IN SEARCH OF EVIDENCE
Roofmeadow prides itself on its technical expertise and commitment to evidence-based design. Unfortunately, there’s just not enough evidence out there.
Before going any further, perhaps a few words about the importance of evidence-based design are in order. After all, the modern green roof industry is about 15 – 20 years old. If evidence-based design were so important, wouldn’t the evidence be everywhere and obvious by now?
Designs informed by performance data result in green roofs that are less likely to fail and that require fewer interventions. Why does this matter?
- Green roofs typically are a sizable investment, justifying designs that minimize costs associated with failure (e.g., leaks, plant death, compromised drainage).
- To comply with the federal Clean Water Act, some jurisdictions have approved green roofs as methods to keep stormwater out of the public sewer system and waterways. A failed green roof isn’t doing its job.
So, the hunt is on . . . who is collecting evidence of that “secret sauce” that makes green roofs work and last for the long haul? Here are a few of our most respected favorites:
The Chicago Botanic Garden
While many botanic gardens have installed green roofs to support their own green roof performance studies, none rival the efforts of the Chicago Botanic Garden. Landscape Architecture Magazine’s January 2015 issue (available in stores now) includes a feature article titled “This is A Test,” written by Roofmeadow’s own Lauren Mandel. The article describes the Chicago Botanic Garden’s five-year plant evaluation study of native and non-native perennials, grasses, and Sedum, planted in varying green roof media depths within two green roof areas. The botanic garden’s in-house scientists have been collecting data on cultural adaptability, disease and pests, winter hardiness and ornamental quality. The researchers will evaluate plant performance relative to media depth and compare results to the performance of the same plants on the surrounding ground plane. This research has been underway since 2009 and the findings will be released in May 2015 in the botanic garden’s forthcoming Plant Evaluation Note.
The University Contingent
Roofmeadow always has kept abreast of the groundbreaking green roof research conducted at Pennsylvania State University. The Lady Bird Johnson Wildflower Center, a research unit of The University of Texas, has been pioneering research on the design and plant palettes for hot-climate green roofs and is one of the founders of the SITES™ Rating System. Other universities that have contributed mightily to North America’s collective green roof knowledgebase include Michigan State University, North Carolina State University, University of Toronto, Villanova University (stormwater management focus, mainly), University of Washington, University of Maryland, Stevens Institute of Technology, Portland State University, and Columbia University.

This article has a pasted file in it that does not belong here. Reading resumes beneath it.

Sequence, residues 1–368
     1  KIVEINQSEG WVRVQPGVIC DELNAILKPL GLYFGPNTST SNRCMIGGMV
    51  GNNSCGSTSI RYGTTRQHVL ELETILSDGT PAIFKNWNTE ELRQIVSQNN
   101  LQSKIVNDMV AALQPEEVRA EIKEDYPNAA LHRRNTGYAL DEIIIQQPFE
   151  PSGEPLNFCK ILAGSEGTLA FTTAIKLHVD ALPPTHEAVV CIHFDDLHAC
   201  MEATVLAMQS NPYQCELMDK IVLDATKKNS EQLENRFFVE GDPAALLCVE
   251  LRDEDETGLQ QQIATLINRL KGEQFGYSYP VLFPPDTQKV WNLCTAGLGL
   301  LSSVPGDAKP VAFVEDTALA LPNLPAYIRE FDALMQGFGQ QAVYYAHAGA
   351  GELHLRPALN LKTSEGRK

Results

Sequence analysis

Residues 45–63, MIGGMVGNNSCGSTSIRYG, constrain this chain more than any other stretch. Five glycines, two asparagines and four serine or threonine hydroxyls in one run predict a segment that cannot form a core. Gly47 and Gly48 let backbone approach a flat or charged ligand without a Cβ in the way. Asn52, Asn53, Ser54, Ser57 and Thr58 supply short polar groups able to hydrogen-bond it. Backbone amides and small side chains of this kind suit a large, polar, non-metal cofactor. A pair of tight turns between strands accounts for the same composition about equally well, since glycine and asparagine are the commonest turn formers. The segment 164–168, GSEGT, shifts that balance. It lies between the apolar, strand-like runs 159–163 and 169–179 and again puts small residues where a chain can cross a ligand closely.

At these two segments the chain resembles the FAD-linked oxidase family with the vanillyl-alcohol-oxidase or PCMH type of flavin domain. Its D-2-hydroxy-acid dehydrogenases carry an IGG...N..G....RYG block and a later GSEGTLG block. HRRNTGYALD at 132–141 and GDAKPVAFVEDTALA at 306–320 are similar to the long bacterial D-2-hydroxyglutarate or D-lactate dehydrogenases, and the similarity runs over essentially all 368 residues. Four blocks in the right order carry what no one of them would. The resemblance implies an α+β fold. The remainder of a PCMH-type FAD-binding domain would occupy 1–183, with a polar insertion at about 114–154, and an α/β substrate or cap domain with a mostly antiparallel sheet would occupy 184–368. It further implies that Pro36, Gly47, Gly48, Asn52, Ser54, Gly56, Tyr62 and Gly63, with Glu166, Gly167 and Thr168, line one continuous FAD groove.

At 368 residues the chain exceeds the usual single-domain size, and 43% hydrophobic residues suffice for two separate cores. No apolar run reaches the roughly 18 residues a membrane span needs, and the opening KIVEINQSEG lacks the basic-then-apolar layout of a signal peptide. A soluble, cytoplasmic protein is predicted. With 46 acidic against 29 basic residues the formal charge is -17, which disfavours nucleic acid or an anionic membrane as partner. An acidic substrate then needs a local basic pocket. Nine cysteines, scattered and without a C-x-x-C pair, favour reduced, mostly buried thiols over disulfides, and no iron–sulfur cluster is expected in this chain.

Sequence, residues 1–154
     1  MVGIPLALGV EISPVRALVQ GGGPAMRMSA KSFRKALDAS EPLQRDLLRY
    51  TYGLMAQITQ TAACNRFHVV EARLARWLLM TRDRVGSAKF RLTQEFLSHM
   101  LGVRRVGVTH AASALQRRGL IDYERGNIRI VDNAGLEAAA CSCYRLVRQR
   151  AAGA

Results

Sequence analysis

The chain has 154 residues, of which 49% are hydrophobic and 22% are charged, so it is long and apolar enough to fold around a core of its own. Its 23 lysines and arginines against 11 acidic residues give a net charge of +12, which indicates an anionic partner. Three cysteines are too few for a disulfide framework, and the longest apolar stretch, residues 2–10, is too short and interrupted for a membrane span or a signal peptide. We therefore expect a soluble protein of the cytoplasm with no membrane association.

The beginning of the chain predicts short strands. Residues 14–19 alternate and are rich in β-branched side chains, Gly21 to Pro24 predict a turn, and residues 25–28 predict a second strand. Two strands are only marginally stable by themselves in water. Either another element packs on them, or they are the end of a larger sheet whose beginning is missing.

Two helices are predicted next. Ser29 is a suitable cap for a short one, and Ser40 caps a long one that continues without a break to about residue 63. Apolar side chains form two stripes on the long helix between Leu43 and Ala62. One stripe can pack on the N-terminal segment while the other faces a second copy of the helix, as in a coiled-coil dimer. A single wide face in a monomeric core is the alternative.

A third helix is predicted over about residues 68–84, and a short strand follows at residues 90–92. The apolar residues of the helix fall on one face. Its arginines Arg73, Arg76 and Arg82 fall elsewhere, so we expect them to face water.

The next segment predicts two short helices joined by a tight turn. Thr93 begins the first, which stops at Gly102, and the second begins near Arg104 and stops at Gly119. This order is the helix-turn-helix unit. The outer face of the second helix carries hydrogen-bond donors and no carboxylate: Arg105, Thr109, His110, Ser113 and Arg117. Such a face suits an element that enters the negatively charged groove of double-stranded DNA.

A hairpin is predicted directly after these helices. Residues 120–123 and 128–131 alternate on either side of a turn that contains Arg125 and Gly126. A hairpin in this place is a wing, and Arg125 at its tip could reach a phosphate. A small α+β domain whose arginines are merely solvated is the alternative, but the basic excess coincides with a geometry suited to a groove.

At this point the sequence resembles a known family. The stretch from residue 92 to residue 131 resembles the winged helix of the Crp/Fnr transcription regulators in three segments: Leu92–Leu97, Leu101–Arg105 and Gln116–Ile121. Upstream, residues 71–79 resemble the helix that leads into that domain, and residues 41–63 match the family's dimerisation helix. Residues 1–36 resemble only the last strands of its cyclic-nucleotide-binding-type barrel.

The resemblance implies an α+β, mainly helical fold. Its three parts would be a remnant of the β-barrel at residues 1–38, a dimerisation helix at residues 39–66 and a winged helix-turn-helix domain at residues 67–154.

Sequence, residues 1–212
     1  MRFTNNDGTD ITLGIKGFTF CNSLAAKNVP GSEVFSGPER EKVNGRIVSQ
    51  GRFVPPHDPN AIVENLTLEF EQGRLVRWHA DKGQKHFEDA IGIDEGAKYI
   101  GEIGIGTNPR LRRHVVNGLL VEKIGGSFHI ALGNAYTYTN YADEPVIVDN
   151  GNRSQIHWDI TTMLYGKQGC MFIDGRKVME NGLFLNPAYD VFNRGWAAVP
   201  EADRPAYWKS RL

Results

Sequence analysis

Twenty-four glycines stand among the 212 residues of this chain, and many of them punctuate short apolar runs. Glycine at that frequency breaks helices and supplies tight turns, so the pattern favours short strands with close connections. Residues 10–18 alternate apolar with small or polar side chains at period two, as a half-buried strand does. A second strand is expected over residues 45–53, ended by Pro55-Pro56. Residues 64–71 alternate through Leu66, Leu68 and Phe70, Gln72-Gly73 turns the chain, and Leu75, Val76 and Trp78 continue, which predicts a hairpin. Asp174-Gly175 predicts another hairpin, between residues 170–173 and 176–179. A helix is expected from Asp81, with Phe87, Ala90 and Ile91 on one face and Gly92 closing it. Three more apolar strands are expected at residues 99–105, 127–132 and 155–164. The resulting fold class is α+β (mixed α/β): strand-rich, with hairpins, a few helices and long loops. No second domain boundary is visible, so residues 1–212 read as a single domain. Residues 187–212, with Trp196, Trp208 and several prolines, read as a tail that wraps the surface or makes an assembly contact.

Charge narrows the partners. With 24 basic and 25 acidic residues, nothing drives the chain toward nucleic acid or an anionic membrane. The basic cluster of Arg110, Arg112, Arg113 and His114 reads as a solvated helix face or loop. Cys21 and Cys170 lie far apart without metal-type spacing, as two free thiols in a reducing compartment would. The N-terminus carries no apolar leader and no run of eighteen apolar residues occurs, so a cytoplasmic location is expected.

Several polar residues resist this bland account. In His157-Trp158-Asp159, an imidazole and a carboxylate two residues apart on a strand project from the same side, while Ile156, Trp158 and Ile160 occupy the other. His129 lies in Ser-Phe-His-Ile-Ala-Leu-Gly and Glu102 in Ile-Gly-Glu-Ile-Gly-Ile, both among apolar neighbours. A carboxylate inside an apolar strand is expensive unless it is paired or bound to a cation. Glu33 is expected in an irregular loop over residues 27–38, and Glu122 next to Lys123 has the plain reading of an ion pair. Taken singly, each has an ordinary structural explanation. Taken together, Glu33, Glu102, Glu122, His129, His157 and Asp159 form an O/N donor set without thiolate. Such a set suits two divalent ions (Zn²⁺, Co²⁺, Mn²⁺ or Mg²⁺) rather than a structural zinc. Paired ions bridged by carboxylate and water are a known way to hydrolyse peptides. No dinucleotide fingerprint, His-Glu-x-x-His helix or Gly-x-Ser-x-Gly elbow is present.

Oh, and, uh, Roofmeadow, of course!
At Roofmeadow, we doggedly seek out collaboration opportunities to test our theories and hypotheses (we have to keep reminding ourselves that we aren’t a research institution)! Over the years, we’ve amassed an impressive research pedigree in our own right:
- Collaborated on the instrumentation design and monitoring of the green roofs on Chicago Walmart Store No. 5402 (largest monitored green roof in the world) and Portland Walmart Store No. 5899
- Collaborated with Geosyntec Inc. and SAP to monitor the performance benefits of logic-based water level controllers in base flood-irrigated turf green roofs
- Developed and implemented an innovative monitoring strategy to measure stormwater performance and evapostranspiration rates on St. Joseph’s University Science Center (in collaboration with Villanova University)
- Designed and installed prototypes for flat and sloped green roofs at the Euro American Nursery in Bonsall, CA that feature local mineral materials, regional succulents, and a low-rate basal capillary irrigation system
- Designed and implemented an ultra-lightweight green roof system featuring ceramic media at the Cincinnati Museum Center
- Developed in-house testing methods including a fabric puncture-resistance test that better reflects field conditions and a direct measurement of fabric capillary potential (the Ressler Index) to inform irrigation design
- Examined the benefits of amending green roof media with carbohydrates (specifically molasses) to encourage micro-biological activity and promote plant health (in collaboration with Emory Knoll Farms)*
- Designed and installed a prototype living wall based on a French model emphasizing woody perennials, to inform plant selection and media design for future full-scale installations
- Collaborated with Diadem USA to conduct tests in the US of a first-of-its-kind fall arrest system that is imbedded in green roof cover and requires no structural attachments
- Evaluated long-term effects of freeze-thaw cycling on green roof media by measuring the distribution of silt and clay in field samples
- Developed field procedures to quantify media amounts required to achieve finished grades in terms of in-place field densities (in collaboration with Skyland USA)
- Refining approaches to increase diversity to extensive green roof plant communities by over-seeding with native annuals and perennials (in collaboration with several institutions)
*Spoiler Alert: We could not demonstrate that the molasses improved plant performance.
Evidence-based design is in Roofmeadow’s DNA. We will continue to explore questions that are important to improving green roof design. We choose to remain critical of received knowledge until we test assertions for ourselves. Roofmeadow has more experience with more types of green roof assemblies than any other American company and we welcome engagement from the outside as we work to improve the foundation of green roof design.